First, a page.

The man up in the tower was enjoying the show. — Planet P, “Why Me?”
Chapter summary: Most of the action of this chapter takes place at Jim Taggert’s wedding reception. The highlight is a monologue by Francisco on money not being the root of all evil. There are also confrontations between Dagny and Jim’s new wife, between Dagny and Hank’s wife, and between Hank and Francisco. The reception ends with Francisco setting off a panic by suggesting that d’Aconia Copper will be insolvent by morning.
I enjoyed this chapter, overall. It worked much better for me than the previous chapter in which Rand threw all her characters together; it seemed more plausible in this case that all these people would be present, either from desire or obligation.
Francisco lays out a reasonable argument about money being generally more a force for good than for evil, although it does have weaknesses. I agree with the general sentiment that the love of money is productive while the lust for money is destructive. His argument does have weaknesses, particularly when it comes to the notion that some people deserve inheritance; it seems like Rand is trying to reconcile the “self-made” aspect of her philosophy with the existence of the inherited-rich, and I don’t think she succeeds.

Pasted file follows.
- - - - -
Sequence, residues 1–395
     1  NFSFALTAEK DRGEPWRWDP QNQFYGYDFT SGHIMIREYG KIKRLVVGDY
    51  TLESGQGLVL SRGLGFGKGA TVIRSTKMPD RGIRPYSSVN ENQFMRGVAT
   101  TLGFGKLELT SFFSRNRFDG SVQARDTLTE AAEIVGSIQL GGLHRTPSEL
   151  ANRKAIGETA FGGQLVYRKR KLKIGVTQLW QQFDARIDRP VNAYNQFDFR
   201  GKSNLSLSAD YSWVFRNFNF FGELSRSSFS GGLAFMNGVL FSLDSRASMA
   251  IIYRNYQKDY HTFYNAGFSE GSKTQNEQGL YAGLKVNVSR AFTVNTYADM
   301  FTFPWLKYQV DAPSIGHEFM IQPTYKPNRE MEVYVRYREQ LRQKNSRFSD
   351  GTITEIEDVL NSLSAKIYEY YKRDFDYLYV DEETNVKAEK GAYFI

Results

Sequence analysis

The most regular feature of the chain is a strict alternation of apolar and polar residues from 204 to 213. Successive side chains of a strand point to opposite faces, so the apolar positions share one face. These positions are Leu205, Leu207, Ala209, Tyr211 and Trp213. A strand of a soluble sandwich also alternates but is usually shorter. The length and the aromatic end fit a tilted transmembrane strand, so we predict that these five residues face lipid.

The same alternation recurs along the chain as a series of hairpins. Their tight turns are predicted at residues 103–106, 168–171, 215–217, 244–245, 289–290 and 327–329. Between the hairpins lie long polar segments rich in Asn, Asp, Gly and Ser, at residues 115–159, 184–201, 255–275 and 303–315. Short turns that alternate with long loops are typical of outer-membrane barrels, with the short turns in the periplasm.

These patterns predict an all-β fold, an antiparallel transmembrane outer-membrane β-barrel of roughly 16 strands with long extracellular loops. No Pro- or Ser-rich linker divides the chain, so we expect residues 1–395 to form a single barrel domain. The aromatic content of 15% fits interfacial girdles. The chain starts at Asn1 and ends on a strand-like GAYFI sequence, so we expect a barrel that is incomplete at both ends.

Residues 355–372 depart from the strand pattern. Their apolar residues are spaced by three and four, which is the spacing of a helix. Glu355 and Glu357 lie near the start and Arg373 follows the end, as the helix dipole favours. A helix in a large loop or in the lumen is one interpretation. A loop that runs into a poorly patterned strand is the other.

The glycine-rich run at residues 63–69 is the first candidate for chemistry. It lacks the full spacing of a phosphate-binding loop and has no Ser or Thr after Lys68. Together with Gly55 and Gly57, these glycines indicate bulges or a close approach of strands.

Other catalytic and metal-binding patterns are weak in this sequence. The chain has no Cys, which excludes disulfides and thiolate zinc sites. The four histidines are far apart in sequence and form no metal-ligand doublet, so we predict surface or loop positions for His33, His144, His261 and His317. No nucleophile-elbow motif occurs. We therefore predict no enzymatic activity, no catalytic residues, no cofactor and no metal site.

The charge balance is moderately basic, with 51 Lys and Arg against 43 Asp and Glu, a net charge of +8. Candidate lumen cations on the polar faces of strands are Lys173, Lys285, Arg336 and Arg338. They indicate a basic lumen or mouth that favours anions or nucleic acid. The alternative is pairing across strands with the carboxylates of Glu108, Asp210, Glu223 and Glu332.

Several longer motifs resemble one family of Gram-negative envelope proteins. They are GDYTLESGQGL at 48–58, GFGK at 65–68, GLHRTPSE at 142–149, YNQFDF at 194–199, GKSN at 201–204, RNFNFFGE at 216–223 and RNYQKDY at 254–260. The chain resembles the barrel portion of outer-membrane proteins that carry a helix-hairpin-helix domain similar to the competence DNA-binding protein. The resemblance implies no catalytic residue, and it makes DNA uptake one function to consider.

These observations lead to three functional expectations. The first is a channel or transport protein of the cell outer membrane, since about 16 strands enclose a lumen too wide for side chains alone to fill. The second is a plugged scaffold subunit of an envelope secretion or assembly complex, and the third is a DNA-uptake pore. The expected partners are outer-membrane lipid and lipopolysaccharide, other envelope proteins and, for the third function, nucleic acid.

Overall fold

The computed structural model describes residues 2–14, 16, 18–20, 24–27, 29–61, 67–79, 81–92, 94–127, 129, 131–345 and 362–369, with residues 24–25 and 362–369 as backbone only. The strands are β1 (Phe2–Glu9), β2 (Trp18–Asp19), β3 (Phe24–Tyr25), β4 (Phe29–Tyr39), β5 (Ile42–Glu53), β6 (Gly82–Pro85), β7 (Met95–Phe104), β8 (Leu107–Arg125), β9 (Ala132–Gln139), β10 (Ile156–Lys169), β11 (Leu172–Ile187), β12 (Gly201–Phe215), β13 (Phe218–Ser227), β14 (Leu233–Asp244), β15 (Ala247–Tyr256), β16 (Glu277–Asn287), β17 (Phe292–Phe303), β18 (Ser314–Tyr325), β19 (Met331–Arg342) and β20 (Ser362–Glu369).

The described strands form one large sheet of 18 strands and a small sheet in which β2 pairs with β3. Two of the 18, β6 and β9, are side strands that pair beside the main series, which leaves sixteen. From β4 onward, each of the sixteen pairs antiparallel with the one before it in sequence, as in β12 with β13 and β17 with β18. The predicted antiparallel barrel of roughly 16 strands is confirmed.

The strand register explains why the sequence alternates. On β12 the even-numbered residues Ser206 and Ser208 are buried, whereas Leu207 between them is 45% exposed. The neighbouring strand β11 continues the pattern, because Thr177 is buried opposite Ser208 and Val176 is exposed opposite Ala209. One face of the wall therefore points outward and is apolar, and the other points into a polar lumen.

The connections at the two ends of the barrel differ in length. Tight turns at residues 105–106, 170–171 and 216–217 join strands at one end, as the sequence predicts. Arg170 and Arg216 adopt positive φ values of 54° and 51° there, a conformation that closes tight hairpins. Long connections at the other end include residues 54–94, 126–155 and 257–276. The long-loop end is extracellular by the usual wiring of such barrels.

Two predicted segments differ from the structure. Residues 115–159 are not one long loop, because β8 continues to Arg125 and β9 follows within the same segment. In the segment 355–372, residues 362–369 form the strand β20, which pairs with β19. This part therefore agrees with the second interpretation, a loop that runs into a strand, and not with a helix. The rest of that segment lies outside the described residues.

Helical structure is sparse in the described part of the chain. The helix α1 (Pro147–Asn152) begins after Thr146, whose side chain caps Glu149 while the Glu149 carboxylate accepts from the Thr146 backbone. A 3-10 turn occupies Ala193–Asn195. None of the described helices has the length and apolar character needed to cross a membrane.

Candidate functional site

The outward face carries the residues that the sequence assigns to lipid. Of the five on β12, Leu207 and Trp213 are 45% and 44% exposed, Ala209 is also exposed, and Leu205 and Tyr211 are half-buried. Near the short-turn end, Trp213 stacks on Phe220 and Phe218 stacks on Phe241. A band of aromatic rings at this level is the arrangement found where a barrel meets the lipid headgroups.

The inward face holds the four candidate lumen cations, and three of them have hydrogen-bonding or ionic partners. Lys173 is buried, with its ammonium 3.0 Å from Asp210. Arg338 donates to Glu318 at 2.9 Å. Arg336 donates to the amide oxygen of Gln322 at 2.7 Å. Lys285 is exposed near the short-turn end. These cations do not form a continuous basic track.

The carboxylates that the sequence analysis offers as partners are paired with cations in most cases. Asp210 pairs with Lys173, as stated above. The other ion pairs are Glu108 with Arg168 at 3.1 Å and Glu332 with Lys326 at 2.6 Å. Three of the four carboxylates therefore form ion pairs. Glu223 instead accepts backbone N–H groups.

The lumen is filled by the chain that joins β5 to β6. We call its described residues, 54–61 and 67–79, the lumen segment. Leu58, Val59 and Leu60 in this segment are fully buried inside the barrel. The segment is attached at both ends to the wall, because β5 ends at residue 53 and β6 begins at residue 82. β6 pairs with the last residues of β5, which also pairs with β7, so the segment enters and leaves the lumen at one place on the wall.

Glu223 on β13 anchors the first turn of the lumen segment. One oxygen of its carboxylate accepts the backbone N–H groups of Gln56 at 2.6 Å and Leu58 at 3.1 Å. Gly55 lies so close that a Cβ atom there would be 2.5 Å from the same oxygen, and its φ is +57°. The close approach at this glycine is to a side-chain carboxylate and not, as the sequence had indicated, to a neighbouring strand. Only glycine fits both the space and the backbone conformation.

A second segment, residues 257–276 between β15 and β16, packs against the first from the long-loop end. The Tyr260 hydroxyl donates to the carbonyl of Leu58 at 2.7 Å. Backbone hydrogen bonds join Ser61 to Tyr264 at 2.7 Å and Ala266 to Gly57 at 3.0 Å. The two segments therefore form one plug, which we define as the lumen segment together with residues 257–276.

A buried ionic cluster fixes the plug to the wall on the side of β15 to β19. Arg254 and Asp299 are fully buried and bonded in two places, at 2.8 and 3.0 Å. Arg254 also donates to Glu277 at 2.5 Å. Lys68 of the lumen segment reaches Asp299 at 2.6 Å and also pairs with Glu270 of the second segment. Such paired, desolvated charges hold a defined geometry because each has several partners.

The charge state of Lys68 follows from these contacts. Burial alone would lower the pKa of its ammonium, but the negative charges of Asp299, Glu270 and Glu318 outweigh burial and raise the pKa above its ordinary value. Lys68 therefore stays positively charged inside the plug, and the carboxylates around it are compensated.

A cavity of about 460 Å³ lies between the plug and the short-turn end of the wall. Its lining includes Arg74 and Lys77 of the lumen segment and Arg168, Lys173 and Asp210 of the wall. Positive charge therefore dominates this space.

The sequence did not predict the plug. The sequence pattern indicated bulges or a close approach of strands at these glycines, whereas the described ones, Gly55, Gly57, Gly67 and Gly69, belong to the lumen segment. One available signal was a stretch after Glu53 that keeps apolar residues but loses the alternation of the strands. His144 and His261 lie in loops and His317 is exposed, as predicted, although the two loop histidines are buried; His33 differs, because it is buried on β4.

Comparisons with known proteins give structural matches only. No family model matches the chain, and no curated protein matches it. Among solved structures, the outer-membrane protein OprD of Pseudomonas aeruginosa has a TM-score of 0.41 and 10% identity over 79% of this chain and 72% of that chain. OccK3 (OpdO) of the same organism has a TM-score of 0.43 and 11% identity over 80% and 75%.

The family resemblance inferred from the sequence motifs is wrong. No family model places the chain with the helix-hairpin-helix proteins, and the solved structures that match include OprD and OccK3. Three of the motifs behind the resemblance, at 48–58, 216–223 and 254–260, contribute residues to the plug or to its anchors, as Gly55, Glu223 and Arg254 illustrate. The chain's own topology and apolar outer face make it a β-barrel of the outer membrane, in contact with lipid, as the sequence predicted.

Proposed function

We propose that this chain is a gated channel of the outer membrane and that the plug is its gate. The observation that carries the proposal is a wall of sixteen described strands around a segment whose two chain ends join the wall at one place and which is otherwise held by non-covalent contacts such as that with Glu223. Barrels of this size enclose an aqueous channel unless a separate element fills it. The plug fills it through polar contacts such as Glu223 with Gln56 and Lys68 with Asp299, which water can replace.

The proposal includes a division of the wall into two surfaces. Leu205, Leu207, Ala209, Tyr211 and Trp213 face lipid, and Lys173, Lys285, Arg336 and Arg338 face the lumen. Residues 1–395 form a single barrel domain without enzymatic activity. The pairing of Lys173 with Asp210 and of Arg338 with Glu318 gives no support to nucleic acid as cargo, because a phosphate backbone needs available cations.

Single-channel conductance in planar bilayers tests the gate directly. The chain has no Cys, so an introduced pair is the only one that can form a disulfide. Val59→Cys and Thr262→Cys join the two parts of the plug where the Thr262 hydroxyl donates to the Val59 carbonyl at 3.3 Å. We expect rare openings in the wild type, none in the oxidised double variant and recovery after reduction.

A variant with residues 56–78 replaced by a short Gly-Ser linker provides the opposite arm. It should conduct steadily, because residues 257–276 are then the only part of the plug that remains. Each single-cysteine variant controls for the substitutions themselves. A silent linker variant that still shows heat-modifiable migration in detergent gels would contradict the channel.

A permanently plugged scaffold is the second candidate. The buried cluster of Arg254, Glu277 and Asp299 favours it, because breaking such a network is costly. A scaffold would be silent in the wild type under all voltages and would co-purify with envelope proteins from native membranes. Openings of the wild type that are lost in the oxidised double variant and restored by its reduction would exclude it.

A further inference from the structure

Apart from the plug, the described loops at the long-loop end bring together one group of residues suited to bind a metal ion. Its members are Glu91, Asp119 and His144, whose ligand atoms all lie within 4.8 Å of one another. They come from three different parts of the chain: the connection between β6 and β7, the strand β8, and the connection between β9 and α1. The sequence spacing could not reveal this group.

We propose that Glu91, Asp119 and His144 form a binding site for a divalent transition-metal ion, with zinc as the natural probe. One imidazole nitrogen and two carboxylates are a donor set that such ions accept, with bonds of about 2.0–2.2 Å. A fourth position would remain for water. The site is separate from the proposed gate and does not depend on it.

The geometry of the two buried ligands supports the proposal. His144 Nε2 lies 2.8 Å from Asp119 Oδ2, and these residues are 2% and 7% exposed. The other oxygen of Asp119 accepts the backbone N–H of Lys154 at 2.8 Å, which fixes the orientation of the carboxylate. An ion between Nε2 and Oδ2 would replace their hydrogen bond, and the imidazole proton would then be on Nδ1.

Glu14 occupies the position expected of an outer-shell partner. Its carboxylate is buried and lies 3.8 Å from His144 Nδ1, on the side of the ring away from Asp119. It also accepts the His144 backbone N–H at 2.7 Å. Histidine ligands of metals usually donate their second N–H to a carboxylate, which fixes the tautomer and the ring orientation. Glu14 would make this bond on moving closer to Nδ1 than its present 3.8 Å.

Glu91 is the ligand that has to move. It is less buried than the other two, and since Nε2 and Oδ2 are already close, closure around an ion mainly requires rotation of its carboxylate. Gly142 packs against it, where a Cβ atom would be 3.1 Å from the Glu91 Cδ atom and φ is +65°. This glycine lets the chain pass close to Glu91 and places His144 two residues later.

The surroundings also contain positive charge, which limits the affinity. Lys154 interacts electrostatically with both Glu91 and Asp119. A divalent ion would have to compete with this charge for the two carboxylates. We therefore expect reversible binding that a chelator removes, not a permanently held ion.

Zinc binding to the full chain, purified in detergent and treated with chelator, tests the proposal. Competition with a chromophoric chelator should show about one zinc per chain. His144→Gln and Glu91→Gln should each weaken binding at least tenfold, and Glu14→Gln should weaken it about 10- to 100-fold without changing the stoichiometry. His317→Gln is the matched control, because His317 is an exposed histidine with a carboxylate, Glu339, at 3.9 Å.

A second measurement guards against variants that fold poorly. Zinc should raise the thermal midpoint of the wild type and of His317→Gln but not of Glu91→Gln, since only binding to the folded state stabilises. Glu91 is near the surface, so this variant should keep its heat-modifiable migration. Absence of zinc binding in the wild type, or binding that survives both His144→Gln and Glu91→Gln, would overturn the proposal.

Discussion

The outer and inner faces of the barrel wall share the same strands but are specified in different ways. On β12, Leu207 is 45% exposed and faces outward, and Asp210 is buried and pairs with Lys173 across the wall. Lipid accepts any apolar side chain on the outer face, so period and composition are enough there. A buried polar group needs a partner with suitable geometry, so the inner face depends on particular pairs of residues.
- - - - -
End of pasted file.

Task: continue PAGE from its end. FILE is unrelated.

At one point during his speech, Francisco says, “When you have made evil the means of survival, do not expect men to remain good.” While he’s speaking of money, this sentiment is not so limited. On the other hand, the nature of evil itself can be subjective. Francisco (and by implication Rand) characterizes evil as taking something without earning it… and then excuses the inherited rich, deciding that such people who have money but don’t respect it will be destroyed by it.
Theft is generally evil, but there are other evils in the world as well, such as letting people starve while you sit in your counting house with egregious excess. As far as I can tell, neither d’Aconia nor Rand would agree.